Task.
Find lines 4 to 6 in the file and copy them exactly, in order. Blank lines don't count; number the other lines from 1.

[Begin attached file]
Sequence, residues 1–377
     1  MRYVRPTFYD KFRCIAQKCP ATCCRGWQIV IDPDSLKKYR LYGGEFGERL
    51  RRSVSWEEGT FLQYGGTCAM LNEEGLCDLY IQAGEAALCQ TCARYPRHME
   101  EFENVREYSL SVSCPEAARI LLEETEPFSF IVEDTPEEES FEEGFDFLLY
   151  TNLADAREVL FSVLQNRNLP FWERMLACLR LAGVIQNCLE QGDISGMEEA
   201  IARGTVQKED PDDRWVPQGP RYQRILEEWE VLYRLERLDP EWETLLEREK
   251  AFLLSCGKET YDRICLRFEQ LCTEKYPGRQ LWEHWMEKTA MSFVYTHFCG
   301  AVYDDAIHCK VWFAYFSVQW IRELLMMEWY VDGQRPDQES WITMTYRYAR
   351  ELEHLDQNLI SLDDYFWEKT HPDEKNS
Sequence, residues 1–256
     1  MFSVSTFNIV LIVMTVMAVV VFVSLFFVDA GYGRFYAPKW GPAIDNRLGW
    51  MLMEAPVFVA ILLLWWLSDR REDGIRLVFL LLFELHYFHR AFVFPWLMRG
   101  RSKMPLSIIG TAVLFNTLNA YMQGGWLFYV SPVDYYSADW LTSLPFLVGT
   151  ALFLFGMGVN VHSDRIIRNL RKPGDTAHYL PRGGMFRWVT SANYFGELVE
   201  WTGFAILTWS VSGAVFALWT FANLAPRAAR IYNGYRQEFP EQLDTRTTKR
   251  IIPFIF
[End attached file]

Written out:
   101  EFENVREYSL SVSCPEAARI LLEETEPFSF IVEDTPEEES FEEGFDFLLY
   151  TNLADAREVL FSVLQNRNLP FWERMLACLR LAGVIQNCLE QGDISGMEEA
   201  IARGTVQKED PDDRWVPQGP RYQRILEEWE VLYRLERLDP EWETLLEREK